"It appears she made a good faith transaction," he said. "From what I can see, she didn't do anything wrong. She made an agreement with someone who represented they owned the property, and they didn't."
After the court order transferred the property back to the land bank, the house became exempt from taxes under state statute. The Grand Boulevard property has been tax-exempt since Nov. 6, 2018, Horhn said.
Curtis provided The News with copies of summer and winter tax bills from 2018 that she received from the city. Curtis said she paid back taxes to Wayne County for 2015, 2016 and 2017 when she closed on the property.
In a statement to The News, Mario Morrow, a spokesman for Wayne County Treasurer Eric Sabree, noted delinquent taxes for the house were adjusted in 2018 for prior years and the city of Detroit would have made that adjustment. Sabree's office contends payments made by Curtis would have gone to the city.
On Friday, Morrow declined to address further questions on the tax matter, citing the "pending legal proceeding."
An equitable mortgage
Curtis' lawsuit contends the land bank knew or should have known that she was spending money to safeguard the house yet failed to take action to enforce its legal interest in the home for more than two years.
Curtis relied on this failure, the lawsuit alleges, to continue to believe that her title was lawful. Detroit Renovations, the suit argues, had an equitable mortgage on the property because Curtis purchased it via a quit claim deed and from the time she acquired it on May 30, 2017, until as late as May 15, 2020, she believed she had a valid title.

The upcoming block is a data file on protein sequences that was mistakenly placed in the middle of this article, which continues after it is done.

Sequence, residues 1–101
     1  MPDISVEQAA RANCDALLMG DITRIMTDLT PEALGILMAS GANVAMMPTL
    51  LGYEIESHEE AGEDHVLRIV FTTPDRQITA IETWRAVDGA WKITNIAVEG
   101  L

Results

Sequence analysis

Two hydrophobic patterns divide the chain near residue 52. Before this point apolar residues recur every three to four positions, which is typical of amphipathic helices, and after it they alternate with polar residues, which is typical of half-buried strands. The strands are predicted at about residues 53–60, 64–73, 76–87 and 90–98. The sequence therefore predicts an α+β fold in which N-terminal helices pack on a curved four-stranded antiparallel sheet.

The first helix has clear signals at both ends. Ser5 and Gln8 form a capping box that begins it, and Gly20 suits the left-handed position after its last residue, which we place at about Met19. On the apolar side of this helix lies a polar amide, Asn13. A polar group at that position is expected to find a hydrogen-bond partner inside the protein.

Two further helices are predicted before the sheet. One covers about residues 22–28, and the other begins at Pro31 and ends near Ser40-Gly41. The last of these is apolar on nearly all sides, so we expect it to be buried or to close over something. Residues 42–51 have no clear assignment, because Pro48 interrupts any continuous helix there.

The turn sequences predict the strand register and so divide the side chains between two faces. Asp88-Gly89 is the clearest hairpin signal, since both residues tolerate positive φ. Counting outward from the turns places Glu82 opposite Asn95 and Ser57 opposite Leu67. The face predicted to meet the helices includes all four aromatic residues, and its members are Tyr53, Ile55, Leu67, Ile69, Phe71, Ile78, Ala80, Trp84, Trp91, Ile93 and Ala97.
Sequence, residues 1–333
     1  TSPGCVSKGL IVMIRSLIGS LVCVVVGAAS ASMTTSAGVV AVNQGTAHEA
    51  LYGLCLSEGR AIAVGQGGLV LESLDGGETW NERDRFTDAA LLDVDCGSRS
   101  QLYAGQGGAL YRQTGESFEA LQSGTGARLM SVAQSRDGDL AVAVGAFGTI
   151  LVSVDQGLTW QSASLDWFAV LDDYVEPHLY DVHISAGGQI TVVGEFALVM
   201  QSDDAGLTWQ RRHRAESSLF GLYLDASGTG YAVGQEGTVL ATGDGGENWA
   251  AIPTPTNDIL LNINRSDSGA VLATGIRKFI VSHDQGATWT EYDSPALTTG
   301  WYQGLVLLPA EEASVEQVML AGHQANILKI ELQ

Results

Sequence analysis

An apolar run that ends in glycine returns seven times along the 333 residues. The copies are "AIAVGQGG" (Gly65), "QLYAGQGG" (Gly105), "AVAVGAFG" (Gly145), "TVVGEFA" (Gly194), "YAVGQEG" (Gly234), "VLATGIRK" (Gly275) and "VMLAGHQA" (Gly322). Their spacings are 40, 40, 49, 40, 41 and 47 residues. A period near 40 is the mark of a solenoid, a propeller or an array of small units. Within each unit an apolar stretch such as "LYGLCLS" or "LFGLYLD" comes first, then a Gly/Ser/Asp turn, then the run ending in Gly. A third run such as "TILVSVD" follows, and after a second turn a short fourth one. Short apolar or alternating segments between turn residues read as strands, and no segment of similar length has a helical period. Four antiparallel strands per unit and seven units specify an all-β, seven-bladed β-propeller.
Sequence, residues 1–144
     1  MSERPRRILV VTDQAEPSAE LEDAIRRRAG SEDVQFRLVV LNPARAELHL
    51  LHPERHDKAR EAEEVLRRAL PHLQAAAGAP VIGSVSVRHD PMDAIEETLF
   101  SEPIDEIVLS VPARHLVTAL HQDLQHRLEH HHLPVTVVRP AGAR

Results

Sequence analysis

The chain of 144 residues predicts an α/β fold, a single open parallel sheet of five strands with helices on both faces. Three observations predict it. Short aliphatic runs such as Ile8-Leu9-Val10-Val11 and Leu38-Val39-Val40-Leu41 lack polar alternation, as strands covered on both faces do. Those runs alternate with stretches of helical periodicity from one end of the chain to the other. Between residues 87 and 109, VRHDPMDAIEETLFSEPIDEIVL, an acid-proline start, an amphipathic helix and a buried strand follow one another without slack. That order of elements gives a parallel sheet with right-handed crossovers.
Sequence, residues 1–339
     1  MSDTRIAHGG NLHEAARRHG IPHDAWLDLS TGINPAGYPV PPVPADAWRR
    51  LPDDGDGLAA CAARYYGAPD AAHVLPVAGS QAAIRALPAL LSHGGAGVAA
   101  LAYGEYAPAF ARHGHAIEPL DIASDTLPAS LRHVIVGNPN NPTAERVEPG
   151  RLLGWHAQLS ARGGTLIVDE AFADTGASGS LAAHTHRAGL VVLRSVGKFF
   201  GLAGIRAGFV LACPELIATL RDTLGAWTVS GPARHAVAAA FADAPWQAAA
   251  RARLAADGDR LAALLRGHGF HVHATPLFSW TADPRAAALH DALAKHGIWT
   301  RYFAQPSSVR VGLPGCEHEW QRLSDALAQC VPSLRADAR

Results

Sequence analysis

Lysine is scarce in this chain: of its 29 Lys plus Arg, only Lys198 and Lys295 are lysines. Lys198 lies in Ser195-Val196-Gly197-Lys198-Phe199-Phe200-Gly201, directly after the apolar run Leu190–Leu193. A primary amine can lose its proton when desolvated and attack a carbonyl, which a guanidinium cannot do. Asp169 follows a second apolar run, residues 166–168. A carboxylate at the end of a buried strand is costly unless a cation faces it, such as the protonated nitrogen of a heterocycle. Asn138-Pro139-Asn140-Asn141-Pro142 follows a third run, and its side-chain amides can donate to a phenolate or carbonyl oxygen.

Land Bank Executive Director Saskia Thompson has said that the authority disagrees with Curtis' claims that the property was taken from her. Curtis, she said, "never owned the house" and any legal cause of action Curtis might have "it's not against us."
"We're not the ones that took money from her for that property," Thompson has said. "Someone else did when they no longer owned it."
In January, the land bank filed a motion, asking the court to set a date for Curtis' company to vacate the property. It was granted later that month and a Feb. 12, 2021, deadline was set. Land bank officials then prepared the house for listing, which included securing it, Strickland said.
That process, the land bank has said, confirmed Curtis made no visible improvements to the condition of the house, but some interior walls had been removed.
Curtis told The News this month that the land bank has argued "you haven't done anything" to the house.
"Would you write a check to go into that house right now knowing that I've got to deal with you guys (the land bank) and you won't give me clear title? No," she said. "This is real money. I'm a single mom. I have two children. All the money in these houses is mine privately."
In her March 12 lawsuit, Curtis contends her investment has "significantly increased" the value of the property and the land bank wishes to "reap the rewards."
Curtis has not made a formal proposal for the house, Strickland confirmed on Thursday.
"We're open to all offers," Strickland said. "We will review her offer (if it's submitted) as we would anyone else's offer and it will go from there."
Bufalino said a basic restoration could cost $60 to $80 per square foot. A property like the East Grand house, he said, could run upward of $90 to $150 per square foot to bring it back to its original integrity.
"Ninety percent of our buyers are people who want to preserve what's here," he said.